Roth 401k Overview
A Roth 401k is a special form of a traditional 401(k); however, there is one key difference in the tax treatment applied to both. A traditional 401k allows for the contribution of pre tax dollars into a retirement account while the Roth 401k allows employees to contribute after tax dollars to this account. The tax benefits of a Roth 401k are realized when distributions are made at retirement; as long as the rules are followed, no taxes will be withheld from the distributions that are made. This is the opposite of a traditional 401k in which taxes are paid when distributions are made at a retirement age.
Rules for Contributing to Roth 401k
Like a traditional 401k, Roth 401k is currently limited to an annual maximum contribution cap of $15,500. This cap remains for those who invest in both Roth 401k and traditional 401k. The aggregate contribution amount into both of these accounts cannot exceed $15,500 for a calendar year; this contribution cap does not include any contributions made by your employer.
If you leave your employer, a Roth 401k may be transferred into a Roth IRA rollover account, but NOT a traditional 401k account. Additionally, distributions are mandated starting at the age of 70 and a half.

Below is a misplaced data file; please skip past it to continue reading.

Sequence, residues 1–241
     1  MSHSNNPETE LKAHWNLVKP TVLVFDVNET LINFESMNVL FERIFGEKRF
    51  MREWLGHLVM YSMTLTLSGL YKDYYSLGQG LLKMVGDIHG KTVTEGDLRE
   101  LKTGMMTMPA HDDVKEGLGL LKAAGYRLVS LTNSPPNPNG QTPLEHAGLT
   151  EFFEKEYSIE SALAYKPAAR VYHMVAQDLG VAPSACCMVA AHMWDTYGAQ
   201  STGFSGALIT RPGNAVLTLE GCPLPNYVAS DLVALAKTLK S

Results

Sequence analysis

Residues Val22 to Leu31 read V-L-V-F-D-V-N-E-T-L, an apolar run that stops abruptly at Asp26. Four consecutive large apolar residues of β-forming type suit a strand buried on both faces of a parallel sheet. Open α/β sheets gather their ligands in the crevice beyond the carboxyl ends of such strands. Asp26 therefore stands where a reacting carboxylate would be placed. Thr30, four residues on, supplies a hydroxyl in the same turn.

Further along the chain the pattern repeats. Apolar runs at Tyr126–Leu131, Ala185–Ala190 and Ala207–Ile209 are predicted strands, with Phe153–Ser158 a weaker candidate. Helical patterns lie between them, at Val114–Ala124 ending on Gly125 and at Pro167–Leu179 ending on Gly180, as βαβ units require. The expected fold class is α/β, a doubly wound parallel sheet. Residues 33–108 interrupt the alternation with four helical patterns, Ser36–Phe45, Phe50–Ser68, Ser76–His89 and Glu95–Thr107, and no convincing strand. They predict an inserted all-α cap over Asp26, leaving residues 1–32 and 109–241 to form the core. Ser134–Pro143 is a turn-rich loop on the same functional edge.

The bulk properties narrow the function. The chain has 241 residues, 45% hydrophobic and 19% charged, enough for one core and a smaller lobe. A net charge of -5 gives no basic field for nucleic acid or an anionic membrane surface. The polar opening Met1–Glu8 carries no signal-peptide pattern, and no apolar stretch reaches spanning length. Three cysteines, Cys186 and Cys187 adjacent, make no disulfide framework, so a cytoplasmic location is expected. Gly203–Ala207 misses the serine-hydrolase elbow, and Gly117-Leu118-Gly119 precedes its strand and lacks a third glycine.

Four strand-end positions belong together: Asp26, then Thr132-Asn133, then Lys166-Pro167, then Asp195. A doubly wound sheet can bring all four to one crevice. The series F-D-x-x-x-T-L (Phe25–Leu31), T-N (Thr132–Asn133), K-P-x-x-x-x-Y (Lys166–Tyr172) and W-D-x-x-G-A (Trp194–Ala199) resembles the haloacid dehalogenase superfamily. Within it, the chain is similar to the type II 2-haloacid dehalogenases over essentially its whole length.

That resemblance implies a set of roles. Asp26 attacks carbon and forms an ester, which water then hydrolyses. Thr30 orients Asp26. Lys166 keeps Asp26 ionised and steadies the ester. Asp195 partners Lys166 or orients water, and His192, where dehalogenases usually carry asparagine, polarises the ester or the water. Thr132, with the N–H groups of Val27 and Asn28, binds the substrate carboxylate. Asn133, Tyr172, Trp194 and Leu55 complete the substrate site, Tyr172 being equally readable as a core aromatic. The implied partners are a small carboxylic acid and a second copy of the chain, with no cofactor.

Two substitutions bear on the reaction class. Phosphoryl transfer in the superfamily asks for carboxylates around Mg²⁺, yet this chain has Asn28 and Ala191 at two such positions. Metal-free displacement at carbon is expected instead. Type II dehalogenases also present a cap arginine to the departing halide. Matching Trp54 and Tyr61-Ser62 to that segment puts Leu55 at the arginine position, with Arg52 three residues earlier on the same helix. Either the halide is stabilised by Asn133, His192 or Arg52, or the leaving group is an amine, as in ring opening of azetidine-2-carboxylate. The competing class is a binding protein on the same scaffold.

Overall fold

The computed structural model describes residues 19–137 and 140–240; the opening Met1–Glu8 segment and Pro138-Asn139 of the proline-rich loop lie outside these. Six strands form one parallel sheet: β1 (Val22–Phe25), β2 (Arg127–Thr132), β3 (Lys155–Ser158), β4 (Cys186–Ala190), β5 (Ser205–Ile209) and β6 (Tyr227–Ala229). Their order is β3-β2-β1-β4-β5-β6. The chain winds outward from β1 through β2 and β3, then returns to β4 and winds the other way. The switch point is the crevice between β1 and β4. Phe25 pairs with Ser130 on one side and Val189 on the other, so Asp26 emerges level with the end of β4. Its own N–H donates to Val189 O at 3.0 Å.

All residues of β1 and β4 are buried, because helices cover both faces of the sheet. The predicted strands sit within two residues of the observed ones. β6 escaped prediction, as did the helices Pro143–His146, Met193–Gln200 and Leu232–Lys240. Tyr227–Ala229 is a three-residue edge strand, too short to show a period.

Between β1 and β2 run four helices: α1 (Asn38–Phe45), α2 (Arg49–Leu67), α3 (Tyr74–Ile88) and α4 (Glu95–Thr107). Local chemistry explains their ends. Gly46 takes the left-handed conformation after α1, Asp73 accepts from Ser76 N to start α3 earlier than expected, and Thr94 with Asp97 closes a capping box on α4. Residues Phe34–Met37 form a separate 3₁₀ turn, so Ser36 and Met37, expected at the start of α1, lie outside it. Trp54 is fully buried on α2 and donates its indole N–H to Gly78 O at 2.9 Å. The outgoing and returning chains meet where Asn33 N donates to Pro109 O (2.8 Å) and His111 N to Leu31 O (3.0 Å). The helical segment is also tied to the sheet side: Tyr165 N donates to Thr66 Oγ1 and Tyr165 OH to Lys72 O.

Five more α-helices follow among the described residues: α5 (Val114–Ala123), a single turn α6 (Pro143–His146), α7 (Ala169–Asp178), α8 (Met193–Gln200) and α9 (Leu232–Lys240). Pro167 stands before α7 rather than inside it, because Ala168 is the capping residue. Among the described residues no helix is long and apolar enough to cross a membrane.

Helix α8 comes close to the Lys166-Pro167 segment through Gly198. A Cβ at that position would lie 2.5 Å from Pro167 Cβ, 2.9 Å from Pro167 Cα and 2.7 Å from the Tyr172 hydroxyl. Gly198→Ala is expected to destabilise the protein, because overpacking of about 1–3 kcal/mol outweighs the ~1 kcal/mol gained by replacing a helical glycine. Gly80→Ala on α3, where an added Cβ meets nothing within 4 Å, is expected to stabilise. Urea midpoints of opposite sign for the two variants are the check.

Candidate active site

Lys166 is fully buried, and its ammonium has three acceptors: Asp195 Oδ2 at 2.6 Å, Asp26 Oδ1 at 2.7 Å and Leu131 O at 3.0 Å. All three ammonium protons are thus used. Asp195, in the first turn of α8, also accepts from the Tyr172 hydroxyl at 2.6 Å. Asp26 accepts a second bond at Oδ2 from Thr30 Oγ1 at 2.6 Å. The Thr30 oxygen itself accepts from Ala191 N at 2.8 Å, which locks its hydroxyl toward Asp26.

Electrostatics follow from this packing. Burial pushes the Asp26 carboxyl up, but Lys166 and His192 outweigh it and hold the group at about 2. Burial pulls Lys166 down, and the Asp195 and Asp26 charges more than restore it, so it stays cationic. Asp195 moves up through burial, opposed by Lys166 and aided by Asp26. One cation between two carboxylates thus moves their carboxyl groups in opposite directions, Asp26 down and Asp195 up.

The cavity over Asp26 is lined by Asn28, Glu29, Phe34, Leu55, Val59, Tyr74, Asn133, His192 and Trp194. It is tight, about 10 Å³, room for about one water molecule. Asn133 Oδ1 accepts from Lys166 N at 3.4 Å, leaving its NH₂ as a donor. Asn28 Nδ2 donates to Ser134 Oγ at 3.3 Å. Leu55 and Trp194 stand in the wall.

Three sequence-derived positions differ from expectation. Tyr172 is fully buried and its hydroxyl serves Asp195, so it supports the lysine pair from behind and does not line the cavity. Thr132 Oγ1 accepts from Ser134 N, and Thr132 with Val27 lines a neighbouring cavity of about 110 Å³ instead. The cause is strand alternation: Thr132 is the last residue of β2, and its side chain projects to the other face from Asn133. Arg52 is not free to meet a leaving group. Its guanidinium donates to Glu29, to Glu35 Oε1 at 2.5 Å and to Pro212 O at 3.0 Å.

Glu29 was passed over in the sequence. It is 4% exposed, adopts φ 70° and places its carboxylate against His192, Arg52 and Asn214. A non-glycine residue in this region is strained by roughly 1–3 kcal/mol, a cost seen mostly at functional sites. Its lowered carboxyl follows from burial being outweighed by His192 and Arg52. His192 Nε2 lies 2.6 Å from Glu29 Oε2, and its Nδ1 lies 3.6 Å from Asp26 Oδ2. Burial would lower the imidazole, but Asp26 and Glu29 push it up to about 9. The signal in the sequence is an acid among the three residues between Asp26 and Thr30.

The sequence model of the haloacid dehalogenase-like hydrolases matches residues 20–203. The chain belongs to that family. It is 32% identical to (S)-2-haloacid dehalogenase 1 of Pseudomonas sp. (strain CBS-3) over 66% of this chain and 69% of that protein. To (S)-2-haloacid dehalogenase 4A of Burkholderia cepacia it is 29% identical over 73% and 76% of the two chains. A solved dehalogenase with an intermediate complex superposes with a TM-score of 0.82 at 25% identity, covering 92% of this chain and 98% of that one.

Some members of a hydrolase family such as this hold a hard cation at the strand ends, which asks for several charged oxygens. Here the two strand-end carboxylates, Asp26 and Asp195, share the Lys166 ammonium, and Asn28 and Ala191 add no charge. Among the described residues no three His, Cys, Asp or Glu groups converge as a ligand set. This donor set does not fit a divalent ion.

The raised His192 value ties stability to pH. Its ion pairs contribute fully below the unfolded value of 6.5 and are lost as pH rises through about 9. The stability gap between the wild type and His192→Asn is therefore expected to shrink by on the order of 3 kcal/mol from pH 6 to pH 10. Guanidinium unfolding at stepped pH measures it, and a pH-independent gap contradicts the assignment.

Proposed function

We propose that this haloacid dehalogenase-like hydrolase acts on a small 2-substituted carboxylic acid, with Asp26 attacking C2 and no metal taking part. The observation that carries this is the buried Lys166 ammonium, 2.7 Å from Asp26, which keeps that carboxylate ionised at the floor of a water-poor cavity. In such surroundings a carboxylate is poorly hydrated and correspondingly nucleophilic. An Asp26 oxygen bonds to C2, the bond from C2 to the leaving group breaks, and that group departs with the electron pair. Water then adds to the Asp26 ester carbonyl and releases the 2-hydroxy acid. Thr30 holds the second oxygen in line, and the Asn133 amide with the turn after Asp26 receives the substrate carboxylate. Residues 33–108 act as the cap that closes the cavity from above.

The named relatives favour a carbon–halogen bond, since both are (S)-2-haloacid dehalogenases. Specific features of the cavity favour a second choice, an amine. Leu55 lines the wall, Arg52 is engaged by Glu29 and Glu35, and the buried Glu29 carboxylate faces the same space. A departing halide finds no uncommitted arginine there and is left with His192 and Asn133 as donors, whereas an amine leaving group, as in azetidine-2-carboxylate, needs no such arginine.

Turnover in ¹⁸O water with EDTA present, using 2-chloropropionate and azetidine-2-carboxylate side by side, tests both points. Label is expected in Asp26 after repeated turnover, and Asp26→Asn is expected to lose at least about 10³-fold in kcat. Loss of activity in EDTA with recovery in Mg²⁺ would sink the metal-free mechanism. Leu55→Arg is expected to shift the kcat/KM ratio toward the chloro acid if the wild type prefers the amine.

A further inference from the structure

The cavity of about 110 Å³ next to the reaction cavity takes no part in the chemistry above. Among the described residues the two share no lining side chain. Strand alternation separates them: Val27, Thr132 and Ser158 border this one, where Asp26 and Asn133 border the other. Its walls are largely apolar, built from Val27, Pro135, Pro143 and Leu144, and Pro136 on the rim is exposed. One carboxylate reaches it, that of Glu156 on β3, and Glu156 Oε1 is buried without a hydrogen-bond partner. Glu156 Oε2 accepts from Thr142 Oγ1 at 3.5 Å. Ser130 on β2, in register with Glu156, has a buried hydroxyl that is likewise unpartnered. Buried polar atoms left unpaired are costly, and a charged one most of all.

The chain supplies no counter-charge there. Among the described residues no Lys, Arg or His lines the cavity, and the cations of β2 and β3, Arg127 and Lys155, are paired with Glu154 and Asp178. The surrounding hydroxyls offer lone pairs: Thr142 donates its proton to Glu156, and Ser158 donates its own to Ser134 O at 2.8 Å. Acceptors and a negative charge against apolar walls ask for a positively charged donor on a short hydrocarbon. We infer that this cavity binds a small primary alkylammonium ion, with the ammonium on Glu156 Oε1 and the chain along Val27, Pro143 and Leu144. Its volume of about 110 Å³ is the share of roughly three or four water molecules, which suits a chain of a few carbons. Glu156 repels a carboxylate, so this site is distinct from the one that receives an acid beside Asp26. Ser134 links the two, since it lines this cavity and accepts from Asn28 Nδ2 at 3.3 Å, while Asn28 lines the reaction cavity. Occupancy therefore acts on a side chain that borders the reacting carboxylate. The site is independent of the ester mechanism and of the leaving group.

Advantages of Roth 401k
The Roth 401k would be advantageous to those who are currently in lower tax brackets and expect themselves to be in higher ones when retirement comes.
Additionally, as opposed to the Roth IRA, the Roth 401k does not have maximum income limits preventing you from contributing and allows for higher contributions from those who are over the age of 50. The limit for these individuals is raised to $20,500.
DISAdvantages of Roth 401k
The one major disadvantage I see to the Roth 401k plan is the plans inability to accept employer contributions. If your employer is matching between 3% and 6%, you have a lot to lose over the long run. Remember, the most powerful quality of money is its ability to compound. Compounding an employers contributions over a 20 year timeframe could amount to a substantial amount of money, permitting the fund has the appropriate asset mix.